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Legal deals which helped sub-postmasters overturn Horizon scandal convictions to be protected

Tom Hedges outside the Royal Courts of Justice in London on April 23, 2021
Sub-postmaster Tom Hedges outside the Royal Courts of Justice after his 2010 conviction was overturned on April 23, 2021 - Tolga Akmen/AFP via Getty Images

No-win, no-fee legal deals that enabled sub-postmasters to take action against the Post Office are to be protected by a new law after the Supreme Court ruled that they were unenforceable.

Alex Chalk, the Justice Secretary, is to introduce a law that will return the legal situation to what it was before the Supreme Court issued its ruling.

The Supreme Court judges ruled that so-called third party agreements were unenforceable. These are legal deals where lawyers take on a case often for no or minimal funding on the basis that they will take a percentage of the damages even though they are not party to the dispute.

Mr Chalk said the new law would make it easier for members of the public, such as the sub-postmasters, to secure the financial backing of third parties when launching complex claims against moneyed corporations with sizeable legal teams which they could otherwise ill-afford.

“It’s crucial victims can access justice – but it can feel like a David and Goliath battle when they’re facing powerful corporations with deep pockets, Mr Chalk said.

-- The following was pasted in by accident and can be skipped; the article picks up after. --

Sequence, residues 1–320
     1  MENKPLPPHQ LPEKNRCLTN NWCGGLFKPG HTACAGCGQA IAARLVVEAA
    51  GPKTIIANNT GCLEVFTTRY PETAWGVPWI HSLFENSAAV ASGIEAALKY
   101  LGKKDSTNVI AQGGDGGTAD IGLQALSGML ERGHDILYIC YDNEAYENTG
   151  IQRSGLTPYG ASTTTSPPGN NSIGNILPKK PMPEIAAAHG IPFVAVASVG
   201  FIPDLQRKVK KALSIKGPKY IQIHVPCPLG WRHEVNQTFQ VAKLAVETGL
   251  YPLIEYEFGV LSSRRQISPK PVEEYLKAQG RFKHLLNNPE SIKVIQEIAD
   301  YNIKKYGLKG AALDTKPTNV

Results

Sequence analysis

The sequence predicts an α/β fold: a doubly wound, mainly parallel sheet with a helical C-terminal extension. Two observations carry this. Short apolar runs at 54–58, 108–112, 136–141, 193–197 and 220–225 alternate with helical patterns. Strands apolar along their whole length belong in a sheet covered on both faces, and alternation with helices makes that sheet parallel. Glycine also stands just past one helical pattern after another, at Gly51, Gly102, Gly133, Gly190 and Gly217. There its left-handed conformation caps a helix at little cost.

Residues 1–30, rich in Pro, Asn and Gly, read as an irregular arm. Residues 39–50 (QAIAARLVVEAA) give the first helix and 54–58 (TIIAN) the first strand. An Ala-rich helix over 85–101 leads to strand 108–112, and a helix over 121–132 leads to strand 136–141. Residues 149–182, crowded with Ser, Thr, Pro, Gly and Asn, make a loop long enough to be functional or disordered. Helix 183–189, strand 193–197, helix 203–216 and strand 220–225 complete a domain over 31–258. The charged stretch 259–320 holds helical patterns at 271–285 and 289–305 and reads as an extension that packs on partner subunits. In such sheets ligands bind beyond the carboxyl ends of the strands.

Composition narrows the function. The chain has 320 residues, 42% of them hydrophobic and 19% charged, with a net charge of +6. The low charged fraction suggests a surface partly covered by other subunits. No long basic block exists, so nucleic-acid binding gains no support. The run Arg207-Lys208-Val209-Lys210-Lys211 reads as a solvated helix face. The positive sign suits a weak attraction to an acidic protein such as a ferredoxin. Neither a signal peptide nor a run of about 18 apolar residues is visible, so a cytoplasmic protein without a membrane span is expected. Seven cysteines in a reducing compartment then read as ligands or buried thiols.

“This important change will mean more victims can secure vital third-party funding to level the playing field and support their fight for justice.

“The sub-postmasters were able to secure third-party funding in their legal action against the Post Office. Now others will too.”

Lord Chancellor and Secretary of State for Justice Alex Chalk
Mr Chalk: 'It's crucial victims can access justice' - Anadolu

Therium Capital Management, a specialist litigation funder, backed the ‎compensation claim by 500 sub-postmasters against the Post Office after they were falsely accused of fraud because of its flawed Horizon IT system.

It was only because of Therium that the sub-postmasters were able to sue. Alan Bates, the sub-postmaster who led the campaign, has called for a change in the law to ensure similar David versus Goliath battles can go ahead.

Nick Emmerson, the Law Society president, welcomed the move. “Too frequently it is said that justice is not a priority for this Government, but we would hope recent events will call for reflection on how it supports access to justice through the court system for all those without independent financial means,” he said.

“The public do care about justice and are vocal when it is lacking.”

The Government is also considering options for a wider review of the sector and how third-party litigation funding is carried out.

This could consider whether there is a need for increased regulation or safeguards for people bringing claims to court, particularly given the growth of the litigation funding sector over the past decade.